Tashkent is kind of the capital of Central Asia. Obviously it’s the capital of Uzbekistan, but it’s also the largest city in Central Asia, and is sort of a regional capital. For years Tashkent was the principle crossroads and market town of the silk road. In the Soviet years, Tashkent was the fourth largest city in the USSR (after Moscow, St Petersburg and Kiev). But in 1966 the city was levelled by a massive earthquake, and much of its history was consigned to become more secrets of Central Asia.
So besides the fact that all roads lead to Tashkent, what took me there? The answer is simple; I had two days to kill while my Turkmenistan visa was processing. Luckily for me, my hotel (the Hotel Rovshan) was not far from the embassy.
So what does one do with two days in Tashkent, a city whose remaining visible history dates from the 1960s? Does one search for whatever skerrick of history remains? Or does one simply try and appreciate the city for what has been built since?
I opted for the second, and was rather satisfied with what I got. Despite its lack of obvious historical monuments, Tashkent is 100% Central Asian metropolis. It’s busy, unlike laid-back Bishkek. It’s hot, set out in the plains of Uzbekistan. It’s filled with a fair dose of weirdness, a hangover from being a Soviet backwater. It’s filled with markets, taxis, wide roads and dust. And although nothing is more than 50 years old, the streetscape is infused with enough Muslim sensibility to be recognisable.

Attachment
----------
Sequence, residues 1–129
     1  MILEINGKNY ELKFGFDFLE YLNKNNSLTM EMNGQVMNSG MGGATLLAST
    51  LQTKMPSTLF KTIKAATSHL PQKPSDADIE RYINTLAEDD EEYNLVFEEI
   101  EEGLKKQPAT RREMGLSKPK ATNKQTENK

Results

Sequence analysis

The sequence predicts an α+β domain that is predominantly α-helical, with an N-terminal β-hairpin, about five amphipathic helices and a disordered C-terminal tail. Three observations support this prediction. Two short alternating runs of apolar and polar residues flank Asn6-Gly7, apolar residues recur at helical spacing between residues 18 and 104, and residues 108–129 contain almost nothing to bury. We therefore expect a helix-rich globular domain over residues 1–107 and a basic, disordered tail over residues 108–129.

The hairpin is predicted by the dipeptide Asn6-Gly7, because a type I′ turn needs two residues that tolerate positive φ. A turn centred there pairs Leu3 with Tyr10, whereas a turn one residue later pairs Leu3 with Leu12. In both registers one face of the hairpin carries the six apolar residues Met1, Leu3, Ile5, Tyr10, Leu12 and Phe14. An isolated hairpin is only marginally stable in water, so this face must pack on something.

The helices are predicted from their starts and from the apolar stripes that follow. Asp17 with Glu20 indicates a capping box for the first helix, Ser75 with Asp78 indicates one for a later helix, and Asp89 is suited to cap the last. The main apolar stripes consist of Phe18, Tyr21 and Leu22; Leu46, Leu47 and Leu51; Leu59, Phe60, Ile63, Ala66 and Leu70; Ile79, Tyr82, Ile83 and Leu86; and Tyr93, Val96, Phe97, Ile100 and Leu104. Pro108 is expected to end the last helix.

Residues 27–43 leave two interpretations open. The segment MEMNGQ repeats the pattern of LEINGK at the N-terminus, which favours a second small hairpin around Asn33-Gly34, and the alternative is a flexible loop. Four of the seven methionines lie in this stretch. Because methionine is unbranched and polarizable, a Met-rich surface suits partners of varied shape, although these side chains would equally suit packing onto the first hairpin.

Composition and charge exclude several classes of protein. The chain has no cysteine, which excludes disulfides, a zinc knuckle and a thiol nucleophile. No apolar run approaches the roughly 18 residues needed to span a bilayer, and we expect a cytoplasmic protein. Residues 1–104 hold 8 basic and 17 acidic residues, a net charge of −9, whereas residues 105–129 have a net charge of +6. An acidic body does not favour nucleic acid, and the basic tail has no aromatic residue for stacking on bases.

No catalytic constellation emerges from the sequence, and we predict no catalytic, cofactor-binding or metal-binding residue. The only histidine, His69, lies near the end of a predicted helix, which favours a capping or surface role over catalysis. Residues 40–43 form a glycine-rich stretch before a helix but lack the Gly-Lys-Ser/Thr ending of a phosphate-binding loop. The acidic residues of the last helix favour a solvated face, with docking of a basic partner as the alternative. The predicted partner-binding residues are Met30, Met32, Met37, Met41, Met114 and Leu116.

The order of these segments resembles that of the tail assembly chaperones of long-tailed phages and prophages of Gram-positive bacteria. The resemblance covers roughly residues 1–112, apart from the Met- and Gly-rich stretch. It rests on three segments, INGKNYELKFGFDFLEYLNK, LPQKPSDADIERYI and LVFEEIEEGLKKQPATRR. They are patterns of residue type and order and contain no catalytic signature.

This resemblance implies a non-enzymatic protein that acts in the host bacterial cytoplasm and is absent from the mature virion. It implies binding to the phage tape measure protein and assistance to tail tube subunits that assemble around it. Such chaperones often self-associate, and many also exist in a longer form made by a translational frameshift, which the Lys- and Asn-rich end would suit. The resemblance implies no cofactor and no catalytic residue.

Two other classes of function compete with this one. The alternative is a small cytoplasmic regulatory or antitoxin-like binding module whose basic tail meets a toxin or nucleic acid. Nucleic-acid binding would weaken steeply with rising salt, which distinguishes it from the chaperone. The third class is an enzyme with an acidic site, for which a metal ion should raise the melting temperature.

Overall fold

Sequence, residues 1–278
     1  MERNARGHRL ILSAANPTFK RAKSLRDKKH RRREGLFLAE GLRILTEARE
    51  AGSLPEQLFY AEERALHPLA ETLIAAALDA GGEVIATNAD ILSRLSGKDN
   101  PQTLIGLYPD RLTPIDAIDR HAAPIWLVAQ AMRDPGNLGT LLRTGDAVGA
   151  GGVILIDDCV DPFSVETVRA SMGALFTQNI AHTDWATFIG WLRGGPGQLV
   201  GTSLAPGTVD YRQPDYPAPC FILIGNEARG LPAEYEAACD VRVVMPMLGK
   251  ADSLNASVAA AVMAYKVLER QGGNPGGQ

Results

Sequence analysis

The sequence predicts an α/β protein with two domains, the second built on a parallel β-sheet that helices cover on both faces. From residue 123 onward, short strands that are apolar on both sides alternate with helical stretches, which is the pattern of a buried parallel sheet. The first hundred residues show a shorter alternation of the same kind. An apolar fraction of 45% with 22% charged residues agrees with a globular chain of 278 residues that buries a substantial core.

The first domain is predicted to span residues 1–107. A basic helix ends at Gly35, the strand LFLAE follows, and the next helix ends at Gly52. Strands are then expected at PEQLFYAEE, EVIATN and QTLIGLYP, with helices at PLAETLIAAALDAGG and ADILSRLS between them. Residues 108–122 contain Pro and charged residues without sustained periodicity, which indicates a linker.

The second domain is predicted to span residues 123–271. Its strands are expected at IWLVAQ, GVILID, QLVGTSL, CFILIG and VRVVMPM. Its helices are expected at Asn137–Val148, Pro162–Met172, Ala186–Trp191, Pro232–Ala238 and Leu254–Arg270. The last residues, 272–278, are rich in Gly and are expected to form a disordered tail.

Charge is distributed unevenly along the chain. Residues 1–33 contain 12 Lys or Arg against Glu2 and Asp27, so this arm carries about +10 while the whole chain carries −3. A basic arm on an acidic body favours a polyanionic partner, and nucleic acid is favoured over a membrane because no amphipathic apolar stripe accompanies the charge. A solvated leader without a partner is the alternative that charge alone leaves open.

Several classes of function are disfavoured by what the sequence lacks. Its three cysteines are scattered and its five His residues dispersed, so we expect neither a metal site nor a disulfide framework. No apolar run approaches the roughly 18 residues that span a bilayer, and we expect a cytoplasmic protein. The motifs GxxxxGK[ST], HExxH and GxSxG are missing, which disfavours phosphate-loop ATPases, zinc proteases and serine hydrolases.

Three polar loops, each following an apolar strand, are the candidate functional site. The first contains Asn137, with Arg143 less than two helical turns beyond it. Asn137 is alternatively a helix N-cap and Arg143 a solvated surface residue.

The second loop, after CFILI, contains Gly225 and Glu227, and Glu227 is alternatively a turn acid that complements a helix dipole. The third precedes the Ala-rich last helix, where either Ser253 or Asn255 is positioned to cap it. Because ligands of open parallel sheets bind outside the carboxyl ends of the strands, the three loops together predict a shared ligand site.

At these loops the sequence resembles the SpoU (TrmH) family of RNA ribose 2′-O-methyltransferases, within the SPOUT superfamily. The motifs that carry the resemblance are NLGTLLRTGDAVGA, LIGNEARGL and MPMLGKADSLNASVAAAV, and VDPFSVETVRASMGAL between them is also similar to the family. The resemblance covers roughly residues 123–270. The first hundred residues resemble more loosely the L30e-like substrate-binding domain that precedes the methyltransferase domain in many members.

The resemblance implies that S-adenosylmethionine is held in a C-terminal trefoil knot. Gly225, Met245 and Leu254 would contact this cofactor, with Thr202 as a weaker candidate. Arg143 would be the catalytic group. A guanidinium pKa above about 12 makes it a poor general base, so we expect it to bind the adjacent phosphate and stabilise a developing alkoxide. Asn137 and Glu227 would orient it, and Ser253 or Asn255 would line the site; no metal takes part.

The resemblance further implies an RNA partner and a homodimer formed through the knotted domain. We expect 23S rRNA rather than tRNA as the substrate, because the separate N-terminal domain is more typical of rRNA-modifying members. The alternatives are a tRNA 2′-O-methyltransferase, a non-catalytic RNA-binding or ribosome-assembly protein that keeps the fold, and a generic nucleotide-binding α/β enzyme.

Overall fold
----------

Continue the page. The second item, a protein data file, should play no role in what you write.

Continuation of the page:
Tashkent Tower is, by all appearances, one of those Soviet erections whose symbolism was far from subtle. It stands as Tashkent’s most recognisable icon, at the northern end of the city centre.
When the Tashkent was destroyed by the 1966 quake, Soviet engineers with their counterparts from around the eastern bloc redesigned the city. One of the things that the Soviet Union was good at doing was constructing underground railways, and the Tashkent Metro is a handsome example. Chandeliers light up the platforms, and the floors and walls are all marble – no expense was spared, it seems. Unfortunately no photos are allowed in the Tashkent Metro, so the picture below is a rather unimpressive one from Wikimedia Commons.
Out and about, Tashkent is occasionally a pretty city; there are tree-lined boulevards, museums, and parks. But ultimately, I was only there to collect a visa; and late on the second day that’s exactly what I did before leaving.